Endgame goes to Prison

From a Greene Correctional Press Release...

Actors Shayne David Cameris and Michael Sinkora perform Endgame for inmates at Greene Correctional Facility.

On Monday, April 24th, nearly 200 inmates at Greene Correctional Facility got the opportunity to see a production of Samuel Beckett’s Endgame. The production, directed by Hudson-Link professor David Girard, was originally produced by Siena College. Girard, a professional actor and director, as well as a professor with Siena College, is a proponent of arts-in-education programming to reduce recidivism. “I’ve always had an affinity for how the works of Samuel Beckett connect with inmates.” Considered possibly the greatest dramatist of the Twentieth Century, Girard says “there are many echoes in Beckett’s dialogue and stage directions that are inherent to an inmates experience on the inside.” The production, set in an indeterminate time in an indeterminate place, features four characters: Hamm the master, Clov his servant, and Hamm's father and mother, Nagg and Nell (who live in garbage cans). Each character is in some varying states of decline; Hamm is in a wheelchair and makes Clov move him around the room, fetch objects, and look out the window for signs of life. Outside all seems lifeless and barren. Inside, the characters pass the time mortifying each other and toying with fears and illusions of a possible change, all along sensing the inevitability of their end. “The play can be rather difficult, repetitive, and quite existential,” as Girard notes, “but it has a visceral effect on the incarcerated, where they’re more inclined to see hope where there seemingly isn’t any.”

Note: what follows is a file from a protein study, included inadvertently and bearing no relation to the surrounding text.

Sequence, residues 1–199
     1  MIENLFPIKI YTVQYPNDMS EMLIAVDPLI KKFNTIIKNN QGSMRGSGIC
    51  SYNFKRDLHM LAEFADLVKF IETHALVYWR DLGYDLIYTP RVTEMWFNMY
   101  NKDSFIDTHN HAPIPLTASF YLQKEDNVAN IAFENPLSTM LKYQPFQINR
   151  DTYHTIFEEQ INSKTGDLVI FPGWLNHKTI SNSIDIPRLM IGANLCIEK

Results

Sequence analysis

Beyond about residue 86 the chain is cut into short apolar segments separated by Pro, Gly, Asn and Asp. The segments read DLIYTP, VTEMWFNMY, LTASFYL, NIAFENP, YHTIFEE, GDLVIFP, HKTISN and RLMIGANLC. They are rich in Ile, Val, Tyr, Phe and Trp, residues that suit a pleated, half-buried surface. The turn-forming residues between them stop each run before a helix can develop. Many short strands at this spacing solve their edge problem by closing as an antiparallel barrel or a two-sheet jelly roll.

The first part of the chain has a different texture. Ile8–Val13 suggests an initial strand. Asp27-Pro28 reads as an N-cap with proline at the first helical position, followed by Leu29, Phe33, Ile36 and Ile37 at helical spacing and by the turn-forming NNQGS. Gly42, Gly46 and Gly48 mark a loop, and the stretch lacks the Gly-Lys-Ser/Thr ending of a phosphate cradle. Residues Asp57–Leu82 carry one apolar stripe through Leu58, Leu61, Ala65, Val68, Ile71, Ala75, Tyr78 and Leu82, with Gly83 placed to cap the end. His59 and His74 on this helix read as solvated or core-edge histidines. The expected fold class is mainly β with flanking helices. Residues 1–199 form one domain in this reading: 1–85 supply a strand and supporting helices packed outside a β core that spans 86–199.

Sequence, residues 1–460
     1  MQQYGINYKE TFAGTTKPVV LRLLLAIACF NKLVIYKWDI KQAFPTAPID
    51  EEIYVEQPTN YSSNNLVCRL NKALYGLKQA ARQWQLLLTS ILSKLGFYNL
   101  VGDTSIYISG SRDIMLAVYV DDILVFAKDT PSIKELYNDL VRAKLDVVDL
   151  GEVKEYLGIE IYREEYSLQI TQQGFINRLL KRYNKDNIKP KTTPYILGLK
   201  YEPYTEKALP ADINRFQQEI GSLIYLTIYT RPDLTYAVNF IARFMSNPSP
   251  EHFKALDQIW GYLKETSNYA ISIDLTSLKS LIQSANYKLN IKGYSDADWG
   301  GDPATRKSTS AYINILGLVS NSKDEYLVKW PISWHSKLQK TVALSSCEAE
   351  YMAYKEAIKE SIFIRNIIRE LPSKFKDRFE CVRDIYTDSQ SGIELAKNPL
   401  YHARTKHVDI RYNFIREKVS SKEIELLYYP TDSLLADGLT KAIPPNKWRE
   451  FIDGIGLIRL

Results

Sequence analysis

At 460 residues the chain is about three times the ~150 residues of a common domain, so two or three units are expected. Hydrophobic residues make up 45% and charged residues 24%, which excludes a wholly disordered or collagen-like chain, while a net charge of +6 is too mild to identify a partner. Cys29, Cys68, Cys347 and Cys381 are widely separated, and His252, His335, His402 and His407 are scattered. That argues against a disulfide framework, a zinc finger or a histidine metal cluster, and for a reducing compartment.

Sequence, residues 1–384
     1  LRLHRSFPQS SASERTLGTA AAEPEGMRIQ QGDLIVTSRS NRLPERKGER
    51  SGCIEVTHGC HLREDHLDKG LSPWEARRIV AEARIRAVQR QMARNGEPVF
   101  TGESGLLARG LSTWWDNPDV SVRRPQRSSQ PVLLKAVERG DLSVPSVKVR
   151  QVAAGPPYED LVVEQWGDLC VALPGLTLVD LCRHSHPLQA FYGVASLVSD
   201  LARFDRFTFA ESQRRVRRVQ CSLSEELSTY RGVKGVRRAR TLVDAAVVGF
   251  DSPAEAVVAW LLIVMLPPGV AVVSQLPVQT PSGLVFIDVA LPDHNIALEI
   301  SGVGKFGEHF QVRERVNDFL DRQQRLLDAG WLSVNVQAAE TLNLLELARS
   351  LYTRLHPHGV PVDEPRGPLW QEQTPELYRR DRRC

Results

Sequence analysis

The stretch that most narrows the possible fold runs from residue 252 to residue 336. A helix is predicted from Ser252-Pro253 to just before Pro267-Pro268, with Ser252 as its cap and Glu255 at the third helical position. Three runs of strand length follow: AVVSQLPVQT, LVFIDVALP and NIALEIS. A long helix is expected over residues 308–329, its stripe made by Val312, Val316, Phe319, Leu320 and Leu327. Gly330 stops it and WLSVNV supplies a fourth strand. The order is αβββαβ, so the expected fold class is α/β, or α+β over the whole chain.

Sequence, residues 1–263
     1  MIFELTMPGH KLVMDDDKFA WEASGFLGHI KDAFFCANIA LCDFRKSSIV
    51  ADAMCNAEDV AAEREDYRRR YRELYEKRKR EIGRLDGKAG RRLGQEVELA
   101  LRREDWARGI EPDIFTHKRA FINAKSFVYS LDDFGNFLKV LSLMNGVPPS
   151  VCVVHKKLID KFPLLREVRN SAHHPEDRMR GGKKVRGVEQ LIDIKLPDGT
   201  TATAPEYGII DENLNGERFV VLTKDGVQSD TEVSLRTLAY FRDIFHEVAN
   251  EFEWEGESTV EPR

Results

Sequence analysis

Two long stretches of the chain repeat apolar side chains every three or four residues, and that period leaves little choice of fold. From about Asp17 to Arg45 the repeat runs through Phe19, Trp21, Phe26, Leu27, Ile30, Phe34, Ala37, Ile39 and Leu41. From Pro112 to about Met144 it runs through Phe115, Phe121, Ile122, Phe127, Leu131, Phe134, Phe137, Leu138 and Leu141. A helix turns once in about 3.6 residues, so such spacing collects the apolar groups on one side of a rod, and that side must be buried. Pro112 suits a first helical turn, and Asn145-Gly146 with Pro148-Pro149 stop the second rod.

Actors Emily DiLorenzo and Bridgette Klein perform Endgame for inmates at Greene Correctional Facility.

This year, Hudson-Link offered an acting class for the first time, and Girard assigned viewing and responding to Endgame as part of the curriculum. “They were challenged by it, but particularly appreciated the commitment of the actors in the production, and they’re responses were rather insightful.” As Girard notes, Beckett has a legacy when it comes to the incarcerated. Beckett had a profound impact on Rich Cluchey, a former inmate and founder of the San Quentin Drama Workshop. Beckett would later work with Clutchy, and a tradition of performing works by Beckett for the incarcerated began. “Really, the tradition of using drama as a tool to reduce recidivism and to build empathy in the most hardened inmates starts with Beckett’s Waiting for Godot being performed at San Quentin, and subsequently the San Quentin Drama Workshop. Without Clutchy’s experience and the San Quentin Workshop, we may not have organizations like RTA (Rehabilitation through Arts) or Shakespeare Behind Bars.”

Girard and Hudson-Link hope to make this a regular occurrence at Greene. “Certainly, I’m in discussions with my department on how we can make this happen more often.” Girard also credits the production for giving his student performers the opportunity to practice their own kind of empathy and give back. “They really felt like they had done something important. It was more than a performance to them.”